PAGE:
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"You'll Never Know" (Vera Lynn, 1943)

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Uploaded on Aug 29, 2008

Vera Lynn's wartime popularity with the British public provided her with "Vera Lynn's Own Orchestra", conducted by the very capable Len Edwards.

"You'll Never Know" won composer Harry Warren & lyricist Mack Gordon the Oscar for best song in '43--it was introduced by Alice Faye in "Hello Frisco".

YOU'LL NEVER KNOW

You'll never know just how much I miss you,
You'll never know just how much I care...
And if I tried, I still couldn't hide my love for you,
You ought to know, for haven't I told you so,
A million or more times?

You went away and my heart went with you,
I speak your name in my every prayer.
If there is some other way to prove that I love you
I swear I don't know how...
You'll never know if you don't know now.

You went away and my heart went with you,
I speak your name in my every prayer.
If there is some other way to prove that I love you,
I swear I don't know how...
You'll never know if you don't know now.

~~~~~~~~~~~~~~~~~

From Wiki:

"You'll Never Know" is a popular song. The music was written by Harry Warren and the lyrics by Mack Gordon, based on a poem written by a young Oklahoma war bride named Dorothy Fern Norris.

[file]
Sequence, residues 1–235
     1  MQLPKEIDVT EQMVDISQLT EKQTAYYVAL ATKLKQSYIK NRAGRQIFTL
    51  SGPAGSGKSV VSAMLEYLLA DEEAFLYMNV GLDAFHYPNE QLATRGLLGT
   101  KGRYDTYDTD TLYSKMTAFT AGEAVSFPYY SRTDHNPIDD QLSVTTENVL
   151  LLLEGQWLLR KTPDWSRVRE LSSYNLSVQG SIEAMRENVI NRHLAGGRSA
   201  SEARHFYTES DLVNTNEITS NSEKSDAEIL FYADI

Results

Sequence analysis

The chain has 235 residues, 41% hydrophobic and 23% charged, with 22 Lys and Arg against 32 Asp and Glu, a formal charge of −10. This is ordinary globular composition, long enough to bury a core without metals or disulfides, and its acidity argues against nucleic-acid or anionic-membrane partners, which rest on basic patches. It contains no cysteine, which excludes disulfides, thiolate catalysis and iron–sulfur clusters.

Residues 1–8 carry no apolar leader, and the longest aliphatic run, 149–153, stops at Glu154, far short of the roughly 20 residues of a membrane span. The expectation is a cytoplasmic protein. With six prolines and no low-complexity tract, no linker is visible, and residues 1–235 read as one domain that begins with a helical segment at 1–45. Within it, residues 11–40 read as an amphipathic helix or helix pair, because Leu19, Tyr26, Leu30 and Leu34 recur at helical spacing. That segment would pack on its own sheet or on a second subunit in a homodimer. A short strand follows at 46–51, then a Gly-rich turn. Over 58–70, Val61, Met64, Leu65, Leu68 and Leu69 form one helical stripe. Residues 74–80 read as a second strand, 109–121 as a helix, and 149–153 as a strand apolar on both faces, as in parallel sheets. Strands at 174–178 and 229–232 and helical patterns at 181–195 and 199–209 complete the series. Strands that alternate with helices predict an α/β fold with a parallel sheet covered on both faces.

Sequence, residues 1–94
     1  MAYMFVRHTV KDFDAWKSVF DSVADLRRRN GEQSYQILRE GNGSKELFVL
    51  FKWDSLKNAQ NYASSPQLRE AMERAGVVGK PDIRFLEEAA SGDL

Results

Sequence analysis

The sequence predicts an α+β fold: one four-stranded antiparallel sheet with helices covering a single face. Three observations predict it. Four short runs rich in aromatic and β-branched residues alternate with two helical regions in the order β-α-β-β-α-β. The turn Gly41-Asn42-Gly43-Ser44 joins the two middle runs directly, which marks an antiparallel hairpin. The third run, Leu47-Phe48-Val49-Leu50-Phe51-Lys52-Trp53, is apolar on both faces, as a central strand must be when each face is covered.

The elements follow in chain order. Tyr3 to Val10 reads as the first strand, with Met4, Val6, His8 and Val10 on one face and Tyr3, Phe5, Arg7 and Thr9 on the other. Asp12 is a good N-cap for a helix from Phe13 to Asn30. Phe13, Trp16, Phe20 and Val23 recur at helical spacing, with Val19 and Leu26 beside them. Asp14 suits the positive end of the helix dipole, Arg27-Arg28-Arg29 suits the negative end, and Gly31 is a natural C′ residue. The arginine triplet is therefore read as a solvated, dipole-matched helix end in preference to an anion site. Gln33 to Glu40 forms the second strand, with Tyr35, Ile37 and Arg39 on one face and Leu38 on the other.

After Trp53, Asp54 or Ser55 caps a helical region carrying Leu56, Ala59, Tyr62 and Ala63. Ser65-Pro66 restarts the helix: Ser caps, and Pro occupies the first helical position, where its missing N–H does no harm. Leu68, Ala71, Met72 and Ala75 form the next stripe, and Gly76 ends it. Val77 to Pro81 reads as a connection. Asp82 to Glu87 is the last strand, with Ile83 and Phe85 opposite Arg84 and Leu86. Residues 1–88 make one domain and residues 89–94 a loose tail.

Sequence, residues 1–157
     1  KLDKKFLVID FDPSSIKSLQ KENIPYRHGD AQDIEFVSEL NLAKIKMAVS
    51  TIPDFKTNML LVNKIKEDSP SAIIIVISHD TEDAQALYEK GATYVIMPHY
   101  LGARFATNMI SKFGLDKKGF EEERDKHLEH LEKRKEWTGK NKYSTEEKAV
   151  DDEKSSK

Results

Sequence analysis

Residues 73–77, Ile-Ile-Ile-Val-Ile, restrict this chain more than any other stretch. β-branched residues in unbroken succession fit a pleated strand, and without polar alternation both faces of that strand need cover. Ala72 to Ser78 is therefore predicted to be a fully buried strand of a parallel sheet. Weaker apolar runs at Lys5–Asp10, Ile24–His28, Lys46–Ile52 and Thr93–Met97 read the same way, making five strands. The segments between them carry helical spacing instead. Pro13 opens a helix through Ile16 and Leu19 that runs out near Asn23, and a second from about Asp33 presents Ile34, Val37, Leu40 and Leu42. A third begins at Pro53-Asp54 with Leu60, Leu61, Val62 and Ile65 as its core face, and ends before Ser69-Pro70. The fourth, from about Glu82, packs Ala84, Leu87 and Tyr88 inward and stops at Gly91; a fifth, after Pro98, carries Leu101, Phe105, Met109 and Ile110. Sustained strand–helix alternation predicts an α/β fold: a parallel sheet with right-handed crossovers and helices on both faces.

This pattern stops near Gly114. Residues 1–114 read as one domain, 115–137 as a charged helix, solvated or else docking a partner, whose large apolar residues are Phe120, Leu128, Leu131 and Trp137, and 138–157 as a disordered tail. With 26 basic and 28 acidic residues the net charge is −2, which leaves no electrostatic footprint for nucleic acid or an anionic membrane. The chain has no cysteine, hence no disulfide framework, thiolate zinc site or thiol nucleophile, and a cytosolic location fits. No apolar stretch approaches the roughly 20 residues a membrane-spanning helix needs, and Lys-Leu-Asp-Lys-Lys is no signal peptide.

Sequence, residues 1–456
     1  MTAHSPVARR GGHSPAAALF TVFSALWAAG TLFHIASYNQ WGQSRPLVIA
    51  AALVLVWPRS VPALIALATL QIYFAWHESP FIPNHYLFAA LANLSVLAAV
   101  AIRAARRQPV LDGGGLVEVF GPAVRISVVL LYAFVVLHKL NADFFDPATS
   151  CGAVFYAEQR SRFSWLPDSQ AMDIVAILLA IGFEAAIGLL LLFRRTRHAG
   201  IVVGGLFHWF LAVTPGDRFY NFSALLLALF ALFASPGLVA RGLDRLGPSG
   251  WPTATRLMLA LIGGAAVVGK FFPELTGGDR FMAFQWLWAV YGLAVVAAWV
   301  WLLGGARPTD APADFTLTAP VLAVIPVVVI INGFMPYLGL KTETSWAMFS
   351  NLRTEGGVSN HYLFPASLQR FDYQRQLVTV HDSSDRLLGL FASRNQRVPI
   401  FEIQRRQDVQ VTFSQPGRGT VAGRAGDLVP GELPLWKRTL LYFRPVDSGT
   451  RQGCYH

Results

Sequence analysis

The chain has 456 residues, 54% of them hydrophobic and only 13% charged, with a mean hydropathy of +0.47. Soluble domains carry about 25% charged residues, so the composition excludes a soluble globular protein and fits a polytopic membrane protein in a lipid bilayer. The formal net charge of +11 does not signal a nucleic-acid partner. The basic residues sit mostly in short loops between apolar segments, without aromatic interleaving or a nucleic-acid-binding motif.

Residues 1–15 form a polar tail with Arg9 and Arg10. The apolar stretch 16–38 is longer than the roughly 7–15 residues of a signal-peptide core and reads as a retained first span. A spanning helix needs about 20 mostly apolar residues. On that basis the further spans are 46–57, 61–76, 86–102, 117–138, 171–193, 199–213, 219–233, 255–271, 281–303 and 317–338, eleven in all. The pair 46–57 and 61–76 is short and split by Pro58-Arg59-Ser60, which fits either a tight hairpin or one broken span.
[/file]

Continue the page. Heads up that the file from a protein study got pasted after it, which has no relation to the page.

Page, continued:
The song was featured in the 1943 movie Hello, Frisco, Hello where it is sung by Alice Faye. It was also performed by Faye in the 1944 film Four Jills in a Jeep. It was recorded in 1943 by, among others, Frank Sinatra and Dick Haymes. Haymes' version was a #1 hit on the R&B charts that year.

Sinatra recorded his version at his first recording session at Columbia as a solo artist. (He had recorded at Columbia in 1939 as a member of Harry James's band.) It was arranged and conducted by Alec Wilder with the Bobby Tucker Singers providing accompaniment. Sinatra's version charted for 16 weeks starting July 24 and spent two weeks at number 2.

***In Britain, the recording by Vera Lynn was very popular due to the ongoing Second World War.

A 1952 recording by Rosemary Clooney is also well known, as well as a version recorded in 1954 by Big Maybelle.

The Sinatra and Haymes records were made during the 1942--1944 strike against the recording companies a strike by the American Federation of Musicians. As a result, the recordings were made without musicians, with vocal groups replacing the usual instrumental backup. The group backing Haymes, The Song Spinners, was actually given credit on the records.

The song was the first song that Barbra Streisand ever recorded in 1955. It was the opening song on her 4-CD box-set Just for the Record (1991). The box-set closed with another version of the song, sung as a duet by Streisand in 1991 and herself as a girl of 13.

The song won the 1943 Academy Award for Best Original Song, one of nine nominated songs that year.

In 1961, a version by Shirley Bassey made #6 in the UK charts.

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